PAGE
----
Present at the meeting were Aziz and councilors Wayne Rieskamp, Grizzle, Steinhebel, Bolen and Stauder. Robert Furlow was absent.

In other business, the council:

♦ During a work session, learned that City Hall is not ADA-compliant and has structural, operational and energy code deficiencies. Among issues, a City Hall deficiency report indicated that the building was not sound in winds of 40 mph or more and the ventilation and heating system is not working efficiently. The report recommended building a new City Hall with at least 14,000 square feet and 30 to 40 parking spaces.

Possible locations include the current site, the old Water Treatment Plant site and at Academy Square. Councilors said they preferred the Academy Square site because of its proximity to other civic buildings.

The report did not include any cost estimates. City Manager Gary Marks said one of the next steps is a financial analysis, and the area may be designated officially by the council as future City Hall space as part of a facilities master plan in October.

♦ Updated its fee schedule following a public hearing.

♦ Remanded an appeal of a Planning Commission approval for a 36-unit apartment complex to the Planning Commission at the request of the applicant.

The 6.5-acre property is located at the end of 12th Street with secondary access at the end of Leonard Avenue south of Kees Street. Opponents of the development were concerned primarily about traffic issues but also were concerned about drainage, wildlife and the loss of open space and emergency vehicle access.

Matt Johnson of Studio 3 Architects, the applicant, said the developers have heard the concerns in the community and reconfigured the project. As a result, they wanted the Planning Commission to review it again.

♦ Approved updates to the city’s policy on public records to comply with a new state law.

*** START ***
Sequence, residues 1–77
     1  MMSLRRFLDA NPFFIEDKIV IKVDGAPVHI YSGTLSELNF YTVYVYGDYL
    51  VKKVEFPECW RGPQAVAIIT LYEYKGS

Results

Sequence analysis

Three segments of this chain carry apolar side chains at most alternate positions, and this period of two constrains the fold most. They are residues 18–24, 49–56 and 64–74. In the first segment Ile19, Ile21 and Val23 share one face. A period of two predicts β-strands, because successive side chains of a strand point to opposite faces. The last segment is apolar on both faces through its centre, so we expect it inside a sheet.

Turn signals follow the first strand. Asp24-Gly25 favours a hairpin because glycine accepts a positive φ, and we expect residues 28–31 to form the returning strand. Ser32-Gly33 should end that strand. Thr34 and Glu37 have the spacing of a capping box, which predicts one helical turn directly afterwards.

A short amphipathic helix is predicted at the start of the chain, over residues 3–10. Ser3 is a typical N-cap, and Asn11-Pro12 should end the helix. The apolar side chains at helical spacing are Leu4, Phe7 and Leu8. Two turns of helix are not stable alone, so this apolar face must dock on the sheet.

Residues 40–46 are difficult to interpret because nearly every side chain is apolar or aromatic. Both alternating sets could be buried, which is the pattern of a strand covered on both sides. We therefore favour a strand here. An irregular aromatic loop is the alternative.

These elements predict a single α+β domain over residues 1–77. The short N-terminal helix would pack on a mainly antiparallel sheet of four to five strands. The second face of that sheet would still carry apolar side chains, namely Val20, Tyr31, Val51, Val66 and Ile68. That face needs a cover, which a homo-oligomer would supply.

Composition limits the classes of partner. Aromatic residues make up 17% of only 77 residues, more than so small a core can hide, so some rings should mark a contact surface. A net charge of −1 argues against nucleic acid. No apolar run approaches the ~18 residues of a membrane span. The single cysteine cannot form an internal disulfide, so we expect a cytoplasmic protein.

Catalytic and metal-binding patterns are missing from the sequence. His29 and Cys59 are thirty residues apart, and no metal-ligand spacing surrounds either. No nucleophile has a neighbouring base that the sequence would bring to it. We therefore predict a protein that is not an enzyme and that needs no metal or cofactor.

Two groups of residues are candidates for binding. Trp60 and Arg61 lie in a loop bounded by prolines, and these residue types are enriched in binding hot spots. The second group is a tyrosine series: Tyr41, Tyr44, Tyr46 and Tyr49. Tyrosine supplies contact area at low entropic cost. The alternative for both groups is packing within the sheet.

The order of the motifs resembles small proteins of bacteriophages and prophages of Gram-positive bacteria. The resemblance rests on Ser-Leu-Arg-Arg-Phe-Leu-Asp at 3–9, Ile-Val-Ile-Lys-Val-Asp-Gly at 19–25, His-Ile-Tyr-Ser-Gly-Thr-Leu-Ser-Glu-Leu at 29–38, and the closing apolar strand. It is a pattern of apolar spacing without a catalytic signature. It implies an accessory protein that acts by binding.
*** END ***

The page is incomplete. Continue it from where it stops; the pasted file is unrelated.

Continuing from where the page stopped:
♦ As the North Gateway Urban Renewal District board, approved the refund of $116,000 to Samaritan Health Services to cover the cost of building fees and systems development charges for the construction of the Samaritan Treatment and Recovery Services Building. Samaritan has already paid the fees to the city.

♦ Approved a five-year agreement with AFSCME-represented city employees. The group does not include police employees or management.

Under the agreement, employees will receive 2.5 percent salary increases retroactive to July 1. On July 1, 2020, they will receive a raise of $1 per hour. In each of the three subsequent years, they will receive raises based on the Consumer Price Index-W of not less than 1 percent nor more than 3 percent.

♦ Asked staff to develop rules that would allow two potential developments to move forward within the area of a building moratorium. In one case, a sale was already in progress of property adjacent to Oregon State Credit Union, which is selling the property for use as an urgent care, and an affordable housing project near Walmart had been gathering funding to begin construction. Representatives of both told the council how the moratorium was affecting their projects.

“They were ready to go,” Aziz said. “We shouldn’t be stopping them.”

If the council does take action, it’s something that needs to apply to the whole community, said City Manager Gary Marks.

“It can’t be discretionary,” said City Attorney Tre Kennedy. “It has to be a bright-line rule.”